Posted on Thursday, January 27, 2011
The World Economic Forum's (WEF) annual meeting in Davos is one of the most exclusive events in the world and I am certainly aware of what a privilege it is to be invited. Since 1971 this event has drawn some of the most influential people in the world to discuss improving the state of the world. WEF sets the stage, micro managing the official agenda, convenes a fabulous cross section of public and private sector leaders - and then the conference takes on a life of its own.
It is hard to know exactly the contribution each Davos meeting makes to the world - but I believe it is significant. It takes people out of their day-to-day routine and gets them talking to a diverse group of influencers from all over the world and all walks of life. The experience expands their understanding of critical issues and their view of what is possible. In some cases, backroom meetings can be pivotal - some credit one of these meetings to ending Apartheid in South Africa.
My wish for Davos this year is that we have a real breakthrough for women, entrepreneurship and inclusive growth. Tangible results -- not rhetoric. More execution and more investment in making real change a reality. We all know more women should attend Davos from the participating organizations, more women should be on corporate boards, hold government roles, have basic rights, get access to education. Davos attendees have the power to move mountains -- and to find tangible ways to make this happen.
For entrepreneurs, we will tell you it is great to be treated like hot items. But what we really need is help building and scaling our business. That means access to capital; successful business relationships with large companies or government organizations; stronger advisors and boards; and, in some places in the world, critical change to business infrastructure. WEF, Davos participants -- you have the power to make the world a better place for entrepreneurs -- go ahead, dazzle the world and do something big.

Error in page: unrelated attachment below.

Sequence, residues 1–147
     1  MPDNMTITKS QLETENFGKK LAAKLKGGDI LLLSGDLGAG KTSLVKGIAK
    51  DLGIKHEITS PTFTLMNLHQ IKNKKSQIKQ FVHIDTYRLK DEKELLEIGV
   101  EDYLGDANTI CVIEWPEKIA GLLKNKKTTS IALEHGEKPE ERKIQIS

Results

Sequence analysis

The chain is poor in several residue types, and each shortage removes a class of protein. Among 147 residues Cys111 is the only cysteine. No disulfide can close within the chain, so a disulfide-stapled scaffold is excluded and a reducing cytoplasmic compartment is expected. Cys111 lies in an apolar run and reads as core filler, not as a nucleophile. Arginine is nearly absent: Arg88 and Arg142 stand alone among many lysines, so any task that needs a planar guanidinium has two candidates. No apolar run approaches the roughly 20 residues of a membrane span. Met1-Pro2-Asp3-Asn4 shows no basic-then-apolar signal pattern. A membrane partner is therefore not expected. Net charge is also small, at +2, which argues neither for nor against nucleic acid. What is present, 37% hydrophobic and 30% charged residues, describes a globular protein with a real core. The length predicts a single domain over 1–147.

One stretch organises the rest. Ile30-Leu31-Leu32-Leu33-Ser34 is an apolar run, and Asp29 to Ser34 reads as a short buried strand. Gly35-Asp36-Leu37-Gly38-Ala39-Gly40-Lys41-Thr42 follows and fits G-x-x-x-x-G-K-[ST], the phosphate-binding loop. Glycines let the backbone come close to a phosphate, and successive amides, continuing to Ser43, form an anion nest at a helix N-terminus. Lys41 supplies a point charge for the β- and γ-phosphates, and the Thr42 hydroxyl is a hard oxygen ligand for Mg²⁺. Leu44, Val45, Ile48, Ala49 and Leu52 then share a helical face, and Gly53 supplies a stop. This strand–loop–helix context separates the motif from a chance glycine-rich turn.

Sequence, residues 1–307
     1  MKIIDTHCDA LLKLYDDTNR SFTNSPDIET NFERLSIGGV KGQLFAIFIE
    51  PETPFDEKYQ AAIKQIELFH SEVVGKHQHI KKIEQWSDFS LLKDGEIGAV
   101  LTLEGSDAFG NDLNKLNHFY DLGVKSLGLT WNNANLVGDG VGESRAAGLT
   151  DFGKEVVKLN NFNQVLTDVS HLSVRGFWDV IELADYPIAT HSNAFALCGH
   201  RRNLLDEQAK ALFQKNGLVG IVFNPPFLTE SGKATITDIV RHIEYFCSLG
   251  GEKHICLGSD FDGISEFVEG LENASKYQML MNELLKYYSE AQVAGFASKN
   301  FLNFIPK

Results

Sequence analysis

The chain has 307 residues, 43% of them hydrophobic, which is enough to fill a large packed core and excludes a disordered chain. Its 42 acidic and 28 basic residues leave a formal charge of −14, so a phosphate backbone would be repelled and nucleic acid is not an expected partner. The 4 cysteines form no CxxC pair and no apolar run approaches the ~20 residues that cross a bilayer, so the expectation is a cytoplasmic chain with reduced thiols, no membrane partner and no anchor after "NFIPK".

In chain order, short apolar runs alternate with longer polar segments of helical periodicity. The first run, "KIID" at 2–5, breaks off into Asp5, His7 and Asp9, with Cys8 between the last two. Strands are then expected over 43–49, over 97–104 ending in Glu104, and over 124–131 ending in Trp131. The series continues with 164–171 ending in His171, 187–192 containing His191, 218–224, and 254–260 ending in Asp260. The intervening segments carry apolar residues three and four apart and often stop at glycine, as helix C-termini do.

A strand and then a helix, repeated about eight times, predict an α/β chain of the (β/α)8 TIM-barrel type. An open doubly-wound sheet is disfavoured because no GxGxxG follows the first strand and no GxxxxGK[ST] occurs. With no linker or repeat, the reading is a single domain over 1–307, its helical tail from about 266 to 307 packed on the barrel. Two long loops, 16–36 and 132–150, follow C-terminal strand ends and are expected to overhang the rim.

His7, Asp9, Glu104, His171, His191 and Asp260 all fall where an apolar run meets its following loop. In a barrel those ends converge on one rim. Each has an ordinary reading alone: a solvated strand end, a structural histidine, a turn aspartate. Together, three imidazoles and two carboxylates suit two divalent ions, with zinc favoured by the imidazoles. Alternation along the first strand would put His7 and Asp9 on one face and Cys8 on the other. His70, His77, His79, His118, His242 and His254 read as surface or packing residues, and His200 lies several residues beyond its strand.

Inclusive growth is all about the bottom of the pyramid -- the poorest of the world benefiting from economic growth. In India, for example, 70 per cent of the population is poor. What is predicable is that the 300 million people at the top of the pyramid will have better lives with the economic growth, but the remaining 700 million will only receive a small benefit. And this situation exists in most emerging markets. Inclusive growth is about changing that -- engaging all the people in the benefits of growth. This is definitely possible. Certain conditions, like increased connectivity through mobile, make it now more achievable than ever. Yet, I'm not quite sure we have figured out how to bring this all together -- even when the environment is becoming more favorable. Creating tangible ways to ensure inclusive growth . That is a challenge for the movers and shakers attending Davos.
Carol Realini, THE HUFFINGTON POST